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2 struck out the claim about k[x]/x^2

Let $k$ be a commutative ring, $A$ a commutative $k$-algebra, and for some other part of why I'm asking this question I only care about the case when $k \supseteq \mathbb Q$. Recall the following notion, I think originally due to Grothendieck:

Definition (differential operator): Let $D : A\to A$ be $k$-linear. Define $s_nD : A^{\otimes n} \to A$ by: $$s_nD(a_1,\dots,a_n) = \sum_{I \subseteq \lbrace 1,\dots,n\rbrace} (-1)^{|I|}\; \left( \prod_{i\not\in I} a_i\right) \;D\left(\prod_{i\in I}a_i\right)$$ One says that $D$ is an $n$th order differential operator if $s_{n+1}D = 0$.

Examples: $s_0D = D(1) \in A$. $s_1D(a) = D(a) - aD(1)$. $s_2D(a,b) = D(ab) - aD(b) - bD(a) + abD(1)$.

Remark: $s_nD$ is symmetric in the $a_i$s. If $D$ is an $n$th order differential operator, then $s_nD(-,a_2,\dots,a_n)$ is a derivation, for $a_2,\dots,a_n$ fixed. Thus if $D$ is an $n$th order differential operator, $s_nD$ is a symmetric polyderivation. It deserves the be called the principal symbol of $D$. It measures the failure of $D$ to be an $(n-1)$th order differential operator.

Question: For which algebras $A$ (i.e. what are natural, checkable conditions) does the following "PBW theorem" hold: $$s_n: \lbrace n\text{th order differential operators}\rbrace \to \lbrace \text{symmetric }n\text{-polyderivations} \rbrace$$ surjective for every $n$?

Examples: This PBW theorem holds for $A = k[x_1,\dots,x_n]$ and $A = k [\![ x_1,\dots,x_n ]\!]$ and $A = \mathscr C^\infty(M)$ where $M$ is a smooth manifold. This PBW theorem failes for $A = k[x]/x^2$, as the space of symmetric biderivations is one-dimensional spanned by $x \frac{\partial}{\partial x}\otimes \frac{\partial}{\partial x}$, whereas every second-order differential operator is also a first-order differential operator. Edit: I don't know a characteristic-$0$ example for which PBW theorem fails, but I don't expect it to always hold.

Remark: I would expect that algebras $A$ for which the PBW theorem holds are those for which $\operatorname{spec}(A)$ is "smooth" in the appropriate sense, but I don't know if this is "smooth" in other usual senses of the word.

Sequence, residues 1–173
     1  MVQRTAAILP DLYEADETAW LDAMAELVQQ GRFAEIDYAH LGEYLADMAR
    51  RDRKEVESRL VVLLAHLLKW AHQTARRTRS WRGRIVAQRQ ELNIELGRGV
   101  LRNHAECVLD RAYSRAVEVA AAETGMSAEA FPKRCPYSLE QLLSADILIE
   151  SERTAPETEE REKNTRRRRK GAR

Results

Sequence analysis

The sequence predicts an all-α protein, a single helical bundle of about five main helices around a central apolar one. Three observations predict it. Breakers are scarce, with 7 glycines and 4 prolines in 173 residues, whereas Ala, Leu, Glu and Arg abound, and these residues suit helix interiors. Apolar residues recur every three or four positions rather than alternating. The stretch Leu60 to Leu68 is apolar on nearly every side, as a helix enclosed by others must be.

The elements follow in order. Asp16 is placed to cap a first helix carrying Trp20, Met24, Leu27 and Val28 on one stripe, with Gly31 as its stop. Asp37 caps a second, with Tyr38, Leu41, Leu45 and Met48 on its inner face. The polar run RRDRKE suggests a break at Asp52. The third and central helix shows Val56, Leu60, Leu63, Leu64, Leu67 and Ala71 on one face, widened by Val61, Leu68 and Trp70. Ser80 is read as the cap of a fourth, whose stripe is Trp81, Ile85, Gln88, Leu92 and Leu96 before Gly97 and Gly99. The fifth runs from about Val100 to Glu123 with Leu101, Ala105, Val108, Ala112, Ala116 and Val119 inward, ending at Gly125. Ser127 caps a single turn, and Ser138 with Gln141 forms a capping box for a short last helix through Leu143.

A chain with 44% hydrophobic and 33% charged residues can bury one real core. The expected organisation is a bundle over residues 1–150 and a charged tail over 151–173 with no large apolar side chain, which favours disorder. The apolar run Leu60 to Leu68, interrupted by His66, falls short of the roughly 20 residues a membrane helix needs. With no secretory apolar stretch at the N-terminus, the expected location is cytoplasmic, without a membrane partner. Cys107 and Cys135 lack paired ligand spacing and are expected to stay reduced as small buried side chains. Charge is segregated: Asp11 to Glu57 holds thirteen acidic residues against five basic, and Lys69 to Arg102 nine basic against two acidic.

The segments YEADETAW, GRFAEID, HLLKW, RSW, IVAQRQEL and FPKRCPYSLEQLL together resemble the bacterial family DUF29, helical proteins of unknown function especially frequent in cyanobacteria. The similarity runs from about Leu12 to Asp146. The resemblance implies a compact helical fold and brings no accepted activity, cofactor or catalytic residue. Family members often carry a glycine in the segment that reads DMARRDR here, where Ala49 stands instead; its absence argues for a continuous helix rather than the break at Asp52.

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# For which algebras does \{Differential Operators\} satisfy a PBW-like theorem?

Let $k$ be a commutative ring, $A$ a commutative $k$-algebra, and for some other part of why I'm asking this question I only care about the case when $k \supseteq \mathbb Q$. Recall the following notion, I think originally due to Grothendieck:

Definition (differential operator): Let $D : A\to A$ be $k$-linear. Define $s_nD : A^{\otimes n} \to A$ by: $$s_nD(a_1,\dots,a_n) = \sum_{I \subseteq \lbrace 1,\dots,n\rbrace} (-1)^{|I|}\; \left( \prod_{i\not\in I} a_i\right) \;D\left(\prod_{i\in I}a_i\right)$$ One says that $D$ is an $n$th order differential operator if $s_{n+1}D = 0$.

Examples: $s_0D = D(1) \in A$. $s_1D(a) = D(a) - aD(1)$. $s_2D(a,b) = D(ab) - aD(b) - bD(a) + abD(1)$.

Remark: $s_nD$ is symmetric in the $a_i$s. If $D$ is an $n$th order differential operator, then $s_nD(-,a_2,\dots,a_n)$ is a derivation, for $a_2,\dots,a_n$ fixed. Thus if $D$ is an $n$th order differential operator, $s_nD$ is a symmetric polyderivation. It deserves the be called the principal symbol of $D$. It measures the failure of $D$ to be an $(n-1)$th order differential operator.

Question: For which algebras $A$ (i.e. what are natural, checkable conditions) does the following "PBW theorem" hold: $$s_n: \lbrace n\text{th order differential operators}\rbrace \to \lbrace \text{symmetric }n\text{-polyderivations} \rbrace$$ surjective for every $n$?

Examples: This PBW theorem holds for $A = k[x_1,\dots,x_n]$ and $A = k [\![ x_1,\dots,x_n ]\!]$ and $A = \mathscr C^\infty(M)$ where $M$ is a smooth manifold. This PBW theorem failes for $A = k[x]/x^2$, as the space of symmetric biderivations is one-dimensional spanned by $x \frac{\partial}{\partial x}\otimes \frac{\partial}{\partial x}$, whereas every second-order differential operator is also a first-order differential operator.

Remark: I would expect that algebras $A$ for which the PBW theorem holds are those for which $\operatorname{spec}(A)$ is "smooth" in the appropriate sense, but I don't know if this is "smooth" in other usual senses of the word.